“It doesn’t look like much,” she said. “But it’s the original map when they laid out Farmington and this is what the settlers planned.”

The upstairs of the house has multiple interesting exhibits; one especially fun element includes two tiny arched doorways meant for children to walk through.

“The grandnieces of the woman that owned the house that gave it to us used to come and run through the doors,” Woodman said.

The volunteers are currently sorting through artifacts and fixing up a research room to be created on the side porch of the property. The room should, according to Woodman, have lots of helpful information and be a good place to work for those doing research at

A patent illustration for Chester Greenwood’s earmuffs and how to wear them is on display at the Titcomb House in Farmington. Anna Gouveia/Sun Journal

the society.

The Historical Society also owns the Octagon House, which, Woodman said, members bought at half price, though it was still a “hefty amount.” Volunteers are currently working on it and hope it soon can “hold its own weight,” Woodman said. Unsure what the future holds for the building, nonetheless Woodman said the building’s immense “historical value” was too great for the society’s members to pass up.


“We’re hoping maybe to do a bed and breakfast or, having the university so close, you know, if they have a professor that needs a place to stay for a month,” she said. “Sometimes that comes with having to modernize.”

Modernizing the space may be difficult, given it still has many old features, including a bathtub instead of a shower. The society has been relying on grants and other financial support from local businesses to renovate the structure. For instance, one room has been named in honor of Franklin Savings Bank thanks to its$25,000 gift toward renovations. “This room had 1970s paneling, so when they took it off, all the plaster would break,” Woodman said.

An original plan of Farmington dating to 1780. This document was presented by S. Clifford Belcher in 1905. Today it is displayed at the Farmington Historical Society’s home at its Titcomb House. Anna Gouveia/Sun Journal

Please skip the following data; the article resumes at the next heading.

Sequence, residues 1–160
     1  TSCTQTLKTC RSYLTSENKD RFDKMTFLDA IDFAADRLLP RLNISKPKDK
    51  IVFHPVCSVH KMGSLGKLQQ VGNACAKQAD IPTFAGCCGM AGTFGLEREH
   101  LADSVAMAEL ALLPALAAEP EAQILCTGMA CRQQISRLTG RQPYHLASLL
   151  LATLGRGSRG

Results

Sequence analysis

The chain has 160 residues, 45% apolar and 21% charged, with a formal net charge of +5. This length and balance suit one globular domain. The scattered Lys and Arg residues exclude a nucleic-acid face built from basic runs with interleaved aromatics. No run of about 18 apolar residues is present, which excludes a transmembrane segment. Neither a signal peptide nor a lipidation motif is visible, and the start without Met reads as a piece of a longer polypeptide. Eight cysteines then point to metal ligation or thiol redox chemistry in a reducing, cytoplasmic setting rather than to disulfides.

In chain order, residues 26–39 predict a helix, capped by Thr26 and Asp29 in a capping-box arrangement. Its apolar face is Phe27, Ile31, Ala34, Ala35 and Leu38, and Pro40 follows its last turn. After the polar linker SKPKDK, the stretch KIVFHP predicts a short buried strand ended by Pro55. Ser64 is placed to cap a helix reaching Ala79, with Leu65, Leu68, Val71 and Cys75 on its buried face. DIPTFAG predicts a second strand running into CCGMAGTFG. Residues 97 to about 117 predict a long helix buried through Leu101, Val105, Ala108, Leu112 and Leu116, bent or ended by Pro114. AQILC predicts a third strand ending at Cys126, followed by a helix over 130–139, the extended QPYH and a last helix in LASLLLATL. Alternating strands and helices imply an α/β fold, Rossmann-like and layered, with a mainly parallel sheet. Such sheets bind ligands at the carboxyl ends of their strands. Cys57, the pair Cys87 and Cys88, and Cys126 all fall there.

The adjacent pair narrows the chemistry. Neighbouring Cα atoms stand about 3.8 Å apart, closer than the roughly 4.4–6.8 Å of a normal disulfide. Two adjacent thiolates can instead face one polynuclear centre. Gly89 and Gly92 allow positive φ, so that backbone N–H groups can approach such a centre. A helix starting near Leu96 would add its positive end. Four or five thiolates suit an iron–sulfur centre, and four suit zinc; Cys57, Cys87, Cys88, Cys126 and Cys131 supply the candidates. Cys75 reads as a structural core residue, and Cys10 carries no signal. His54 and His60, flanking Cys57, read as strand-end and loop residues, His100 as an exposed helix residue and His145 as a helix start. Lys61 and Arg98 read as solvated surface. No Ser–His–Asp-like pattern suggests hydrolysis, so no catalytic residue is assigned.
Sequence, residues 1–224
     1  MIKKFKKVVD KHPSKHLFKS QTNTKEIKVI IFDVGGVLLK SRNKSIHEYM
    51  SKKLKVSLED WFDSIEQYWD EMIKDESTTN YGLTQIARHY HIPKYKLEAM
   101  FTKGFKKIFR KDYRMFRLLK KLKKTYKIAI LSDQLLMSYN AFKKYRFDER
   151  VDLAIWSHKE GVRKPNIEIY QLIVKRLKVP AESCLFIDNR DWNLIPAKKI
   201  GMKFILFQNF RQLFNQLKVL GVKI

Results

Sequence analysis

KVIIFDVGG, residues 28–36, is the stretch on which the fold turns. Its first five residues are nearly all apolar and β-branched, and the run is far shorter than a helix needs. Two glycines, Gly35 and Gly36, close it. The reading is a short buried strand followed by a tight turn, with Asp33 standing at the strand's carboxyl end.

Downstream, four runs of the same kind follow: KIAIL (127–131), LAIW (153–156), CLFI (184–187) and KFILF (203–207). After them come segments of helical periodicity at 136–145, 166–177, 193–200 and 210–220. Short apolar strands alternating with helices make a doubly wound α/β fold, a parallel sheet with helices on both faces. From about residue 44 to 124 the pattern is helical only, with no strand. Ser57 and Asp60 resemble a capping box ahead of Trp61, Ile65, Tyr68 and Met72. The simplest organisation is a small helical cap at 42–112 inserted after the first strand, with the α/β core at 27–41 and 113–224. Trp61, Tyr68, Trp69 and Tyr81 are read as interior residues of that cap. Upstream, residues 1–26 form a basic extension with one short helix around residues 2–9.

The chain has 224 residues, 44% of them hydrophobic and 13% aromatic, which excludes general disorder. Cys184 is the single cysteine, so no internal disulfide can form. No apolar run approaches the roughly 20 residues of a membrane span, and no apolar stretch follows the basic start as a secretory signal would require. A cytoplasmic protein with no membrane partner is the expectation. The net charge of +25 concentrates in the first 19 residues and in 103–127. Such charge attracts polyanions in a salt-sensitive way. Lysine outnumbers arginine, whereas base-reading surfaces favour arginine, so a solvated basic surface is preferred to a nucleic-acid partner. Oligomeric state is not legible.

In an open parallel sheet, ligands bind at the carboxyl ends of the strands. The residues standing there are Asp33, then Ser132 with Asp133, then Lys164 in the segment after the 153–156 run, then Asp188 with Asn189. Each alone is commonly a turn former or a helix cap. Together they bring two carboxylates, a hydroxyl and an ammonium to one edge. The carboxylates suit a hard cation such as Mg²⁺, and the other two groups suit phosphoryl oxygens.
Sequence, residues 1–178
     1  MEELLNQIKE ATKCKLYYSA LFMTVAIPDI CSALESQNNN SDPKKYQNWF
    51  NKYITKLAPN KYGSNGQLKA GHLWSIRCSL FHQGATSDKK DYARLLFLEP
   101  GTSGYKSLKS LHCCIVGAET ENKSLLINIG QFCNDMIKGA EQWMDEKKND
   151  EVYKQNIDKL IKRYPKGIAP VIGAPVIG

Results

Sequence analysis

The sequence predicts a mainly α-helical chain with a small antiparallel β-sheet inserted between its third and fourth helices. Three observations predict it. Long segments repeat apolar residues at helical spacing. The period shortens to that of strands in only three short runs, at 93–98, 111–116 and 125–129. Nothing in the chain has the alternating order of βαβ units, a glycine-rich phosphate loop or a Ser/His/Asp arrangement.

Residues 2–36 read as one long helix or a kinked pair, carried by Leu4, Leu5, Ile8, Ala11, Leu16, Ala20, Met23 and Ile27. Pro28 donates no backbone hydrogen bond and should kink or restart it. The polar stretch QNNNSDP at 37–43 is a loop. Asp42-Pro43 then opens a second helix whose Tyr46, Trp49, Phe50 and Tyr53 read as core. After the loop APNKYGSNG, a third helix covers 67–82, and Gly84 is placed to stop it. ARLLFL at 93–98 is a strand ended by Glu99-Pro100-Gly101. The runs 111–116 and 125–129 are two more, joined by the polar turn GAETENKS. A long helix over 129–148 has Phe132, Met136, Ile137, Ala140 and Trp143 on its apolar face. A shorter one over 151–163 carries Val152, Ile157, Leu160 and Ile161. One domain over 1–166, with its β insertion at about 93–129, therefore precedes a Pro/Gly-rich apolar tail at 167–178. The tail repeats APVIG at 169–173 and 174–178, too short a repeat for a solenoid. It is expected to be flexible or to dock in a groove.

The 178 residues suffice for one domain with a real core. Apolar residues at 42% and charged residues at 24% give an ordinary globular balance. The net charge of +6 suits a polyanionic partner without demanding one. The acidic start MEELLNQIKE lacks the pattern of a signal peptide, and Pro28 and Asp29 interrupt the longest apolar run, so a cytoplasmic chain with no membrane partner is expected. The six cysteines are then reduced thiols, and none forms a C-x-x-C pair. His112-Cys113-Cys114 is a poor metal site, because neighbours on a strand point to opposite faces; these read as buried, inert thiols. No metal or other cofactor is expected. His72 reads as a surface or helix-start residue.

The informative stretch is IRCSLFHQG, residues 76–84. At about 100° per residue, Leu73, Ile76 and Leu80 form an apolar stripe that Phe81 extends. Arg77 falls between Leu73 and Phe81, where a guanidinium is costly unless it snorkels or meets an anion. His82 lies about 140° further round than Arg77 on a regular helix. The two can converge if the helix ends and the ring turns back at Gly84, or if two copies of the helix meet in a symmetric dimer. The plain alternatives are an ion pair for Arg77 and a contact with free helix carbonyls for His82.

Another repair still needed is in the sunroom, which Woodman believes is “one of the masterpieces of this building.” The society is

The sunroom is seen here at the Octagon House in Farmington. Anna Gouveia/Sun Journal

hoping to receive a grant to support renovations to the room, including jacking up the floor.

The society has just been awarded a grant from the Belvedere Historic Energy Efficiency Fund of the Maine Community Foundation for $19,000 to fix a water and energy problem in the building.

A third building owned by the Historical Society is the the North Church, which, like the Octogon, is down High Street from the Titcomb House. Normally a church group rents out the North Church, however during the height of the COVID-19 pandemic the church was closed.

The church includes a meeting space downstairs, as well as a large gathering place in the main floor, adorned with eye-catching stained glass that is often backlit.

“I have not been in this room that it hasn’t been backlit,” Woodman said. “I don’t know how it happens, because that’s the east and the sun has already gone by and there’s no sun out. It’s just phenomenal.”

The historical society at 118 Academy St. is open Fridays from 10 to 2 p.m.

Stained glass at the North Church in Farmington owned by the Historical Society. Anna Gouveia/Sun Journal